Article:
North Korea accidentally hit one of its own cities with a missile, landing in or near a city with a population of 200,000 people, MSN is reporting.
Kim Jong-un has been aggressively pursuing nuclear weapons in recent months in brazen defiance of international sanctions and has launched several unarmed missiles. Most missiles have fallen harmlessly in the Sea of Japan or the Pacific Ocean.
This week, however, U.S. officials confirmed that on April 28, 2017, the regime launched a missile that landed on North Korea’s own ground. The missile is believed to have been launched from a site about 40 miles north of the capital city of Pyongyang. The missile, a Hwasong-12/KN17 intermediate-range ballistic missile (IRBM), is believed to have traveled about 43 miles into the atmosphere before a catastrophic engine failure rendered it useless. Its intended target is not known, but the missile malfunctioned about a minute into its flight. It traveled about 25 miles before slamming into the ground.
Asian newspaper, The Diplomat, cross-referenced satellite and Google Earth imagery with the missile’s projected flight path and confirmed that it landed near the outskirts of the North Korean city of Tokchon, which has a population of about 200,000 people. Fortunately, the missile is believed to have landed in an agricultural and industrial area, damaging buildings in the process. As of this writing, the accident is not believed to have directly caused any deaths on the ground.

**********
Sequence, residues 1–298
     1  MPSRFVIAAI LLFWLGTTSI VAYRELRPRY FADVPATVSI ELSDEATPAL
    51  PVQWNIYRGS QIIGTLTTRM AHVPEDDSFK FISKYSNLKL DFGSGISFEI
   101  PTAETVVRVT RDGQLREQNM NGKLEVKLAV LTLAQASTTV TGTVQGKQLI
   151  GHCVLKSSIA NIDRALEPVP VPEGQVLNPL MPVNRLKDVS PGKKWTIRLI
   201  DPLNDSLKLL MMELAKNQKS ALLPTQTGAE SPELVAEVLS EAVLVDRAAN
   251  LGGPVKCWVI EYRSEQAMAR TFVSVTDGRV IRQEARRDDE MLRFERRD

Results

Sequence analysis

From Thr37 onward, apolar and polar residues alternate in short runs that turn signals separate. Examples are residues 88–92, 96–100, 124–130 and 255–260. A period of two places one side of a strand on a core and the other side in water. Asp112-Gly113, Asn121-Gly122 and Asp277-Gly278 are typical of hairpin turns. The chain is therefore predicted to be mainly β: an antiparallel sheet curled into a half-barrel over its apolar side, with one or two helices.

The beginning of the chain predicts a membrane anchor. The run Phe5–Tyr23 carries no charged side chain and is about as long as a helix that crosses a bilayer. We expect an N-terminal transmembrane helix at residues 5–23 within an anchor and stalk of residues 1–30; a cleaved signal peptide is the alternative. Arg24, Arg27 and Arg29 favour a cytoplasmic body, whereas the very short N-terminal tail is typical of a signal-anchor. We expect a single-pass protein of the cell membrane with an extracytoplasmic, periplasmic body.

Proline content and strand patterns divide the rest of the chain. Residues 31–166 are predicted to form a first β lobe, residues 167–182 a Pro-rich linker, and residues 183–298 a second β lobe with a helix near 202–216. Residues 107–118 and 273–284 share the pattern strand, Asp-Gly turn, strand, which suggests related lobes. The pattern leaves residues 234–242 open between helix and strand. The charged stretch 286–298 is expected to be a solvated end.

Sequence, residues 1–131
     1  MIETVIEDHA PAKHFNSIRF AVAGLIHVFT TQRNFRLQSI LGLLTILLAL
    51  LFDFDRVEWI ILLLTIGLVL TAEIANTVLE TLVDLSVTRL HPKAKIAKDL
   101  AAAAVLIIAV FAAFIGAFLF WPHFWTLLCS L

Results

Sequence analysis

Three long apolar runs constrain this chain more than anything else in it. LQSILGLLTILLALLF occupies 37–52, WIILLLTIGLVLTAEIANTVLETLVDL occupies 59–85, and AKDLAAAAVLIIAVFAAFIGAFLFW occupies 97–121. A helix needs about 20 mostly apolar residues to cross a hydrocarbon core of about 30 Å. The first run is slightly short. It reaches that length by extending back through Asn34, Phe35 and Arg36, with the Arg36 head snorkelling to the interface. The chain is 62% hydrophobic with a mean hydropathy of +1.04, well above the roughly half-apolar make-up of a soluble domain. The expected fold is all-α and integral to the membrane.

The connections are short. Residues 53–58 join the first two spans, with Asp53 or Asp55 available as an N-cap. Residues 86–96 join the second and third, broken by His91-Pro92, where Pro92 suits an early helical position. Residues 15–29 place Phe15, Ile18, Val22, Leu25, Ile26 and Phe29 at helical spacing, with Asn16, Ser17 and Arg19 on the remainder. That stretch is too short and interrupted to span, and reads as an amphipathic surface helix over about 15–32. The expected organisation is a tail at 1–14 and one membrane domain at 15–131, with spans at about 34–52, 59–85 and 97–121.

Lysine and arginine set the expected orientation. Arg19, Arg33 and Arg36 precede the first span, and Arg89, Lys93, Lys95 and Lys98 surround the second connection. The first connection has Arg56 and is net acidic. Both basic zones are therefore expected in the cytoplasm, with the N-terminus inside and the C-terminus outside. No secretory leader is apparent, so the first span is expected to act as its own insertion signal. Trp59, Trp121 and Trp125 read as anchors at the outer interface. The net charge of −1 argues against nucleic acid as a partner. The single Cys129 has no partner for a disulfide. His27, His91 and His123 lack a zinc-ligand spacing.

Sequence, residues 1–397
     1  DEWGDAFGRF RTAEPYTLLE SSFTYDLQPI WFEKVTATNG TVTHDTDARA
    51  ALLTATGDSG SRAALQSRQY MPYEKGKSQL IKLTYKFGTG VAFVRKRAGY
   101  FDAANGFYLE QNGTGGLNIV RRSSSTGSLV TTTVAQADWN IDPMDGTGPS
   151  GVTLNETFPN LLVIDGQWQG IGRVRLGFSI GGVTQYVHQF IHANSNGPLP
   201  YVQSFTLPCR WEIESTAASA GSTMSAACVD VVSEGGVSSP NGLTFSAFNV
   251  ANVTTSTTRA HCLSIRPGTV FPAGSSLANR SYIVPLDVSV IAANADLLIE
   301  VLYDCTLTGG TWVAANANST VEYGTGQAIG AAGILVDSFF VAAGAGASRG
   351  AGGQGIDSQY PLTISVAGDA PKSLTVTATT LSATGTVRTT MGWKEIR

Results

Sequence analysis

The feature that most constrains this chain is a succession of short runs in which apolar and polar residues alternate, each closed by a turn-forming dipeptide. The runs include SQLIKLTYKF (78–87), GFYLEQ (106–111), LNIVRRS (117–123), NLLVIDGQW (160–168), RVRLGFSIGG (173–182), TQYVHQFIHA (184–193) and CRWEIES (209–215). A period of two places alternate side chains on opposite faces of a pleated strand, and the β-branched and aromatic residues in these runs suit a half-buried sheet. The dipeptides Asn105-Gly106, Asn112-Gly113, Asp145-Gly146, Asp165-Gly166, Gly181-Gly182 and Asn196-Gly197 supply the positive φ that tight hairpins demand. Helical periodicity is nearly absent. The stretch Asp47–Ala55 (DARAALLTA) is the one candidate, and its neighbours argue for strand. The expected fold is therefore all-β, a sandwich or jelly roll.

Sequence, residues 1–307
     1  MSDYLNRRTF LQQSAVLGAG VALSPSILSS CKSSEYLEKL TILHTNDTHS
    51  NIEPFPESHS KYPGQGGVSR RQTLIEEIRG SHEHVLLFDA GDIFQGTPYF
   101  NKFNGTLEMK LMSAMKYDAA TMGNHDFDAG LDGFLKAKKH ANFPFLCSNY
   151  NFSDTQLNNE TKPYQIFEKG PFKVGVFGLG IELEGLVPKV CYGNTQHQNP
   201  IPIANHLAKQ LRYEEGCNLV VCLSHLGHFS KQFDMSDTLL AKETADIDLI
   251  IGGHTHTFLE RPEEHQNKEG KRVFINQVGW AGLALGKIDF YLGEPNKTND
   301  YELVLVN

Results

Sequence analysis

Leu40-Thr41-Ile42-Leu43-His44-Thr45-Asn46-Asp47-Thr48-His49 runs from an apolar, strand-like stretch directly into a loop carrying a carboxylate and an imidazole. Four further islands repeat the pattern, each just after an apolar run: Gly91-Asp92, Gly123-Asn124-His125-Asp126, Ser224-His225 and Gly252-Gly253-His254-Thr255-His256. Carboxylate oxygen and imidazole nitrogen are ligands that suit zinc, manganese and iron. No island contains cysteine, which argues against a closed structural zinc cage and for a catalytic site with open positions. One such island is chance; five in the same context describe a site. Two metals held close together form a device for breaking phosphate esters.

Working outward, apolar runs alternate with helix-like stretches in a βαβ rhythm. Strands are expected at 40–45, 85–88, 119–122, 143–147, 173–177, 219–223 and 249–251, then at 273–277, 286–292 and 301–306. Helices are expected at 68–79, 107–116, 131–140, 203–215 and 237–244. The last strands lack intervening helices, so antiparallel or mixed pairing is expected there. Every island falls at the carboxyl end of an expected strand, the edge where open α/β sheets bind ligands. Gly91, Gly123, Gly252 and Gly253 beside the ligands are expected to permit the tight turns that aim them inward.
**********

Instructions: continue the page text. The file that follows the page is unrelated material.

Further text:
The @Diplomat_APAC reports: In April, a North Korea intermediate-range ballistic missile failed shortly after launch and crashed in the North Korean city of Tokchon, causing considerable damagehttps://t.co/puqylMT81v pic.twitter.com/F9H3VNgQXu
— Amichai Stein (@AmichaiStein1) January 3, 2018
Further, according to the Asian newspaper, North Korean state media generally makes it a point to show images of dictator Kim Jong-un proudly posing near missiles after successful launches. The absence of any such photos dated around the time of the April launch is further evidence that it was a failure.
The launch failure demonstrates just how perilous tensions in the region can be. Had the missile landed in a populated city in Japan or South Korea, even if it was unarmed, it could have sparked a “serious crisis in Northeast Asia,” according to one U.S. official, if not an outright war or even nuclear war.
Meanwhile, NBC News tweeted on Tuesday that North Korea is planning another ballistic missile test launch in the coming days or weeks. Two unnamed U.S. officials, speaking on condition of anonymity, both confirmed that a launch is coming “soon.” One said that the launch could happen as soon as this week while another suggested a slightly longer timeline.